Thursday, June 9, 2016

For Whom the Bell Tolls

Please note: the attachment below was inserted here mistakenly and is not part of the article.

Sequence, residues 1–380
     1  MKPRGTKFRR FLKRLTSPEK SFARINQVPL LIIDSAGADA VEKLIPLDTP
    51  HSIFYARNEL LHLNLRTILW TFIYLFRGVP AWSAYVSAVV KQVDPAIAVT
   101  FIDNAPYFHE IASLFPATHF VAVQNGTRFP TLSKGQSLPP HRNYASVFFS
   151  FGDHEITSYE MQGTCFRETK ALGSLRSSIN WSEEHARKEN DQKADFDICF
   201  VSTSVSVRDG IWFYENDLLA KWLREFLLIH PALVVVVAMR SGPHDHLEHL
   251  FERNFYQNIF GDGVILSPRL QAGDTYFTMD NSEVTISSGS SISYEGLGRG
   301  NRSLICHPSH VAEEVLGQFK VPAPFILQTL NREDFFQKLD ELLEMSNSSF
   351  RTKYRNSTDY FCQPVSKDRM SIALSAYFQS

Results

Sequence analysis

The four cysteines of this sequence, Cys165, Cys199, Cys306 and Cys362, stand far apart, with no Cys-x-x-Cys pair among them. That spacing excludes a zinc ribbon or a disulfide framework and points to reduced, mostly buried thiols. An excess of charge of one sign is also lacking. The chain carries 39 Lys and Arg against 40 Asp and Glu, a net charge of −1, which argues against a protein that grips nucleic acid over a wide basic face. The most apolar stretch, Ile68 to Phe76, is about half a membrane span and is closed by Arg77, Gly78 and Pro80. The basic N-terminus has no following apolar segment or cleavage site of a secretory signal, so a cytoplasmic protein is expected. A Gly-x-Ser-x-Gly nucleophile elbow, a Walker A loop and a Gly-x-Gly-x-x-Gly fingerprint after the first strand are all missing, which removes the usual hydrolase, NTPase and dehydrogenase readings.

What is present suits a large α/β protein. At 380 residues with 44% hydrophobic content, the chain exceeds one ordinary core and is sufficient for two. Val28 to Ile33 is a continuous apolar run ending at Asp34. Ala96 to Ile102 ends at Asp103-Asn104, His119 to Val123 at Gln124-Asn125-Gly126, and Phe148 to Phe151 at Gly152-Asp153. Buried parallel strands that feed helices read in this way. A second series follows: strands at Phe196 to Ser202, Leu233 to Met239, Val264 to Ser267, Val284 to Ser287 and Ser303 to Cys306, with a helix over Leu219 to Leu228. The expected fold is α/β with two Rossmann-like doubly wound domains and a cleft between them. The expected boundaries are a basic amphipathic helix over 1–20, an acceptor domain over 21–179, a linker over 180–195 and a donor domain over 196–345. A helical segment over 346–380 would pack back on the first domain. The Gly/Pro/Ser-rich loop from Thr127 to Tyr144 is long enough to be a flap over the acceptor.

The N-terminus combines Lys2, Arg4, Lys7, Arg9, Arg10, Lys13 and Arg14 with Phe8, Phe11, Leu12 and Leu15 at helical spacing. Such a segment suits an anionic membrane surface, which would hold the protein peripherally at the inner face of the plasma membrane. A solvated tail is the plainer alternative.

For Whom The Bell Tolls depicts the Spanish Civil war while World War II, which involved fighting fascists, was raging. Now due to that it is interesting that one sees a film directed by ardent anti-communist Sam Wood, despite being a film about an American aiding technically the communist side of fight. This odd peculiarity probably explains the film which is also an odd peculiarity. It's a bloated film that's technically all about the attempt by the rebels to destroy a bridge held by the enemy. It takes a long time to get to that bridge. Now there are some clearly positive elements. The early color cinematography is rather unique and appealing, and Katina Paxinou is outstanding in her complex depiction of one of the guerilla leaders. The rest of the film is a strange mixed bag. The film attempts some mixture in terms of its depiction of sides, but it never quite commits. It shows those moments, yet then its moments of depicting the fight itself are often showed to be particularly romantic. It treads extremely dark territory involving Ingrid Bergman's character, but even that seems underdeveloped through the films wavering perspective. One of the biggest flaws comes in Akim Tamiroff's over the top depiction of the questionable leader of the revolutionaries Pablo. His performance limits the character into just a caricature of basically a bully where something far more complicated seemed possible. Now to be fair that too comes from Wood's direction which never makes the story feel cohesive. The various threads hang there, and the potential of the story seems largely wasted by the last frame.

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